35 non-allied multicolor (7 per guild)
    38 allied multicolor (8 per guild excluding Slave of Bolas and Thopter Foundry being counted twice)
    10 non-allied hybrid (2 per guild)
    15 allied hybrid (3 per guild)
    15 3-color cards (2 per shard, 1 per non-shard)
    2 5-color cards (Who/What/When/Where/Why is absolutely dumb on a stick, and a turn 1 or 2 Show and Tell into Progenitus has yet to be stopped.)

    Pack making is an art in itself when you realize that randomizing the entire cube doesn’t work for several reasons. All 3 cube owners in our group has agreed that a 16th card per pack doesn’t hurt the integrity of the draft one bit, so we all use 16 card packs. One cube owner uses 2 per color, 2 multicolor, 2 artifacts/eldrazi and 2 nonbasics to make extremely streamlined and predictable packs. This is what I suggest to anyone getting started in cube drafting. Personally I enjoy more randomization in my packs, so it’s not necessarily clear that the person on your right is going red after the first pick. On the other hand, I really dislike seeing only 1 card of each color in a pack, or 5 cards of a color in a pack. So I have my own formula when it comes to pack making for the cube that utilizes a bit of math (oh noes!).

    -2 per color – making 10 cards
    -2 Multicolor – 12 cards
    -1 Colorless (artifact / eldrazi) – 13 cards
    -1 Nonbasic – 14 cards
    -For the 15th card I add a random colorless or nonbasic. To do this I take the total number of packs (36 for 12 drafters) and make a pile of half colorless, half nonbasics. Shuffle and distribute, giving each pack either 2 colorless or 2 nonbasics.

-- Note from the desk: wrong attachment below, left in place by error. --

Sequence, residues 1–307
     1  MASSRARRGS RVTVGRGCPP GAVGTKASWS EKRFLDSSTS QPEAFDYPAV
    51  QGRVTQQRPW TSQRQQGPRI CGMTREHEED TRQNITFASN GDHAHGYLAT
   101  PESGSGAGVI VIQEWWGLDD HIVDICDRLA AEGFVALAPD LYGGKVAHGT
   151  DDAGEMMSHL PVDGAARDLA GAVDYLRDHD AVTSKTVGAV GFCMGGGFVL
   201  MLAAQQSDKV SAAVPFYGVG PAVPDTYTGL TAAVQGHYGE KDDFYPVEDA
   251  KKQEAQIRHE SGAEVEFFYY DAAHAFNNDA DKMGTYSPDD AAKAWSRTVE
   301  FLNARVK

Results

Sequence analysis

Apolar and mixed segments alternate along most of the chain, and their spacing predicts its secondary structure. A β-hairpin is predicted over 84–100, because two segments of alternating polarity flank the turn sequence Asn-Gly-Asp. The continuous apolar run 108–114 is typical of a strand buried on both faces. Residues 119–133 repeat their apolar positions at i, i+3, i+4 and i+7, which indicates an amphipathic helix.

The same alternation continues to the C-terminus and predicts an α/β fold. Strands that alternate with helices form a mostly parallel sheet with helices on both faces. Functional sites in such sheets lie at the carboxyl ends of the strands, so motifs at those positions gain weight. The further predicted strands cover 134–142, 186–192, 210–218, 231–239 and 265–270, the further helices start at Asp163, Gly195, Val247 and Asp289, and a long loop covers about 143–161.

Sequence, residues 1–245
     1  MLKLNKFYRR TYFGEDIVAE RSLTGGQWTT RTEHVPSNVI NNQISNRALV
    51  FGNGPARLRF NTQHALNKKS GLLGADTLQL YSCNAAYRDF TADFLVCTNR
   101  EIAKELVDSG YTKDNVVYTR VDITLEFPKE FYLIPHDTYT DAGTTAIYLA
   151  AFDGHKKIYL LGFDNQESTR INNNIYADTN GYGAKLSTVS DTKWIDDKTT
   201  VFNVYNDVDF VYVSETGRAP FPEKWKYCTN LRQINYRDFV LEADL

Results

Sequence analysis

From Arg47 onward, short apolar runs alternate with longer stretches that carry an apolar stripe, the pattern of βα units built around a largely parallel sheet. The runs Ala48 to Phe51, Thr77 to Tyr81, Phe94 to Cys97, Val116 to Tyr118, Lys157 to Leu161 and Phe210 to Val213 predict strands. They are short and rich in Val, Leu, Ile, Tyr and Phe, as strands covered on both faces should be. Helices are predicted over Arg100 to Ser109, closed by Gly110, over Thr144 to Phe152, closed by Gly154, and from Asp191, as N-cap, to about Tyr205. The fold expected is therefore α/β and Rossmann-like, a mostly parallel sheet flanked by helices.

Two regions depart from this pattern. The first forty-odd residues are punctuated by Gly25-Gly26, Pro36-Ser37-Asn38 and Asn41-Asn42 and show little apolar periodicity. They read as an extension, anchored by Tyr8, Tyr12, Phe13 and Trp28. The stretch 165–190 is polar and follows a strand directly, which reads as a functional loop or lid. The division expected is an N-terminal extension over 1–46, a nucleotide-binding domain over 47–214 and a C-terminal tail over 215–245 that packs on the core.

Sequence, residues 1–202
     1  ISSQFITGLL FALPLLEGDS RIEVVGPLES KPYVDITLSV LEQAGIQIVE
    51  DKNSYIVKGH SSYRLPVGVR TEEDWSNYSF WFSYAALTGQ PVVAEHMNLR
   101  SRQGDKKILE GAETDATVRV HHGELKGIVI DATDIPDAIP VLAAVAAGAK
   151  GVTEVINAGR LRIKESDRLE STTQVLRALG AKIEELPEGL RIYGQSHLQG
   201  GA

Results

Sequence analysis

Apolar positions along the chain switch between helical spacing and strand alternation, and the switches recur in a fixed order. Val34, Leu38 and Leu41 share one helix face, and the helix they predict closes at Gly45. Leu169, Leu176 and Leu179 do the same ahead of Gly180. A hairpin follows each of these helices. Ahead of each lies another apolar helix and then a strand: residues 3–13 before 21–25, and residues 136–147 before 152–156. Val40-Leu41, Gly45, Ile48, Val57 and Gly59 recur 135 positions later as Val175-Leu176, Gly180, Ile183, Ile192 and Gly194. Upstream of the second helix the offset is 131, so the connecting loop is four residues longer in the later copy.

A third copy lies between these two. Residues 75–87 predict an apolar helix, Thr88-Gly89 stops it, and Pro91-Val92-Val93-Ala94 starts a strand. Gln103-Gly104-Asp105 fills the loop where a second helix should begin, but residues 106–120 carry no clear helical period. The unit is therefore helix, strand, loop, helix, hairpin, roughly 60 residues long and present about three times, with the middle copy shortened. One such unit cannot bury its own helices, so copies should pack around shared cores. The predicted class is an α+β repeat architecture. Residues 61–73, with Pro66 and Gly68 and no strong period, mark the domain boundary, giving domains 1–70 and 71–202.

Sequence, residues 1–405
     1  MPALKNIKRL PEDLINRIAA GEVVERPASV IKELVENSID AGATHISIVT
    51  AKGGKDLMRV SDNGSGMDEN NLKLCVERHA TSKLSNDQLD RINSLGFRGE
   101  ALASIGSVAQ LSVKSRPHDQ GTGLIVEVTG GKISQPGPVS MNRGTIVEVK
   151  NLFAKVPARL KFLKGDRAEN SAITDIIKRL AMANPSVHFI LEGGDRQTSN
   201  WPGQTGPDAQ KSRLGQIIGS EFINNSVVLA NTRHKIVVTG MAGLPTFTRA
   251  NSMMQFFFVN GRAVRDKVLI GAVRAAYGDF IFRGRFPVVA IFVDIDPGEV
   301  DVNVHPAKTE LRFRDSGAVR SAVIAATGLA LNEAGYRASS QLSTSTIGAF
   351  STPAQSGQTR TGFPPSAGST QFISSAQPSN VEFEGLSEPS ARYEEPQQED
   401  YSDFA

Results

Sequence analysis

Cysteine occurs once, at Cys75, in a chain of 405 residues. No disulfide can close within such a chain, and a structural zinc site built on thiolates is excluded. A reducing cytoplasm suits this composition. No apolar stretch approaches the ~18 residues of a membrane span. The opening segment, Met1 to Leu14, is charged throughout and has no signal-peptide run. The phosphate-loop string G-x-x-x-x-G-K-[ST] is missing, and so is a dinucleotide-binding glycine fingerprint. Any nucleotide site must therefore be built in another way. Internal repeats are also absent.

-The 16th card is a bit more involved. I then take the total number of packs (36 in this case) and divide it by 7 (5 colors, multicolor + colorless), using a remainder rather than a decimal. This will come to 5 with 1 remaining. So I make a stack of cards using 5 from each color, 5 more colorless and 6 (5 plus the 1 remaining) multicolor to give a touch of randomness to each pack.

    In order to address the issue of getting people to cube draft, there’s no real answer. People who have never tried a cube draft always seem apprehensive for some reason or another to try it. Maybe they believe that since they have never tried it that they will get stomped by more experienced players, maybe they don’t want to devote 2-5 hours into something new and different. Who knows. When I run into someone half interested, I usually run through a winston style 1 on 1 draft with them to give them a taste of what’s going on. Most of the time they show up for our weekly draft afterwards. In Charlotte, we use a buy-in and prize-out system that can sometimes turn away new players, but it definitely has had an effect in keeping our group going strong week to week as well. There are a number of things we have agreed on work as good buy-ins, and it was easy coming up with a non-cash system since we’re all magic players. The prize-out system we use is almost identical to the MTGO prize-out system, where first gets most of the prizes and we prize out through 4th usually, sometimes 5th and 6th when they are enough people. Here’s a list of things we accept as buy-ins for our cube draft, which makes up the prize pool for the winners:

    $5 – Yes we accept cash
    1x $10 card (SCG pricing always, keeping everything on the same page)
    4x $5 cards
    2x unopened in-print boosters
    Other boosters as priced on SCG, equaling over $5 cash
    50x any rares you want to stack together

    I’ve gone on plenty long enough for this type of post. I hope I’ve offered some insights to certain questions or concerns that some people may have brought up. If you made it this far, thanks a bunch for reading!

    -Matt